A while ago I saw that Wall Street Journal reported an increase in formal programs for lateral transfers in US corporations, including majors such as Intel. The description of these programs looked sufficiently similar to the job rotation of Japanese firms that I started wondering whether employment practices somehow swam across the Pacific when no one was looking: US firms are starting job rotation just as Japanese firms are starting outside hiring. Of course, job rotation is just a formal way to do lateral moves of employees (and the programs in the article were actually short term visits), so maybe nothing has changed much. It is still interesting to speculate who would have gained from such a swap of employment practices.
A recent article in Administrative Science Quarterly gives clear answers. In it, Matthew Bidwell compares the cost and performance of outside hires, inside promotions, and lateral transfers, finding that the outside hiring is the most expensive and least productive option. Well, in the short term it is less productive, because outside hires caught up with the performance of inside movers after approximately three years. The performance findings make perfect sense because outsiders know less about the firm than insiders do, and need some time to function well. Hiring from the outside is an investment where you pay first and get returns later.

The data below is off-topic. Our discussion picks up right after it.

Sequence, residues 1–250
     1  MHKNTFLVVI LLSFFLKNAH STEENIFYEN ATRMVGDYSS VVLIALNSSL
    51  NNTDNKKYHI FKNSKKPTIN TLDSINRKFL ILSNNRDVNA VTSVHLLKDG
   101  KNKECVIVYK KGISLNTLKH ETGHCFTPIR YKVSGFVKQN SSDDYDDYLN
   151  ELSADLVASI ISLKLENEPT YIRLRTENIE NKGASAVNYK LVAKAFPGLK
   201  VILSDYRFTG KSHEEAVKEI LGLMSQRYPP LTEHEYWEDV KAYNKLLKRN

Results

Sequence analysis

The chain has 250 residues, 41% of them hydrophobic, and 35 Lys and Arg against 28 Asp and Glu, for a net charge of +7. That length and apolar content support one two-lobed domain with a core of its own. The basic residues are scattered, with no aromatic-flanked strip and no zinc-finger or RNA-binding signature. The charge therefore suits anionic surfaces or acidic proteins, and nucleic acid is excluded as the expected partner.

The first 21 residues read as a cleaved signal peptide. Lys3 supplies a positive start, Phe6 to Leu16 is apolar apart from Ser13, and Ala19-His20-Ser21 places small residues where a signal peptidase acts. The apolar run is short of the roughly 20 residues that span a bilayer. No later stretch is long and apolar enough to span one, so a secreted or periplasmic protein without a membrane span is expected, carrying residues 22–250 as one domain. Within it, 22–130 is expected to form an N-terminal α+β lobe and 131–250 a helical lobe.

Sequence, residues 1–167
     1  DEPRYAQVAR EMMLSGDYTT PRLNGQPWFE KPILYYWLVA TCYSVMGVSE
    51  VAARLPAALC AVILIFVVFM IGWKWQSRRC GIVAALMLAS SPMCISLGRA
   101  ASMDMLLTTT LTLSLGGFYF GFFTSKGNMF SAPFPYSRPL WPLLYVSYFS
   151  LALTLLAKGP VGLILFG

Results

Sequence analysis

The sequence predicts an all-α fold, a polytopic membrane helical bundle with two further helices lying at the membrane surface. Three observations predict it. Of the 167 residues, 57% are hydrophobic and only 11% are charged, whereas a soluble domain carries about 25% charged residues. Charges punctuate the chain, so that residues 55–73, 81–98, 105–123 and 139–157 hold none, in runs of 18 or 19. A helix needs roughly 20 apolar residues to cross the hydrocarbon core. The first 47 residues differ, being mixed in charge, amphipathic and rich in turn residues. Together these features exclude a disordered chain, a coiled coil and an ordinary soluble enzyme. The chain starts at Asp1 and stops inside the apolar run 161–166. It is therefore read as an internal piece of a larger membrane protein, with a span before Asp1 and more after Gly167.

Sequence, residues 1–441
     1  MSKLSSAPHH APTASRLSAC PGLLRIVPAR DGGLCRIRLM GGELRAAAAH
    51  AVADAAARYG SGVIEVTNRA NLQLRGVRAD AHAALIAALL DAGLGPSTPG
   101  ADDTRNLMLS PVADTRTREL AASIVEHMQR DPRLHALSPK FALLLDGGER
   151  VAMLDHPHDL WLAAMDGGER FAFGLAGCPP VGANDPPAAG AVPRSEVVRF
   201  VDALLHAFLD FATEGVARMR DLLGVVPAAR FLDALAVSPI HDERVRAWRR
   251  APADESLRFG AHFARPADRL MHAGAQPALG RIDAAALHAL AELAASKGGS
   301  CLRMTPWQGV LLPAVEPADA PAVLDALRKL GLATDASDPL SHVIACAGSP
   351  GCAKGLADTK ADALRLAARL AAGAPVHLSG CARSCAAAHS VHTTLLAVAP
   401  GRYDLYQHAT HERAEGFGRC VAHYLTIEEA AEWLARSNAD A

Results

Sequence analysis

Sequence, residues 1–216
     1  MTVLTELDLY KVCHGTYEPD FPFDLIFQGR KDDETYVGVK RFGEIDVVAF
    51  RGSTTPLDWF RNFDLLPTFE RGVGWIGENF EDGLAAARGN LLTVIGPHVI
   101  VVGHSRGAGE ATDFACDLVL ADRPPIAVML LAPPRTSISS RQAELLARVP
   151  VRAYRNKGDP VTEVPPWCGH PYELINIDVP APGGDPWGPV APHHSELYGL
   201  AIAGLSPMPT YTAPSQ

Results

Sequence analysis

But things stopped making sense when he looked at salaries and promotions. The outside hires were paid substantially more from the first year on (18 percent more) and were also promoted faster. If the salary reflects how the firm judged their value relative to their current employees, they were significantly over-valued. The apparent over-evaluation continued after they had worked in the firm, because they also got promoted faster than their internal peers. Oh, and it appears that the external hires agreed with the assessment that they were a better value for money, because they were also more likely to leave the firm, presumably in search of the next firm to offer them a better deal than what its current employees get.
That, of course, is the final piece of information that should make managers think very seriously about the balance between inside mobility and outside hires. It would be possible for internal hires to be over-valued at the start and still work out as an investment if their actual performance were discovered over time, and if they stayed long enough that the investment paid off. A firm that cannot do this is simply using the outside hire option poorly. So if you are going to hire many from the outside like a US firm does, at least retain them for a long time like a Japanese firm does.
“Co-Workers Change Places” Lauren Weber and Leslie Kwoh. Wall Street Journal, February 21 2012.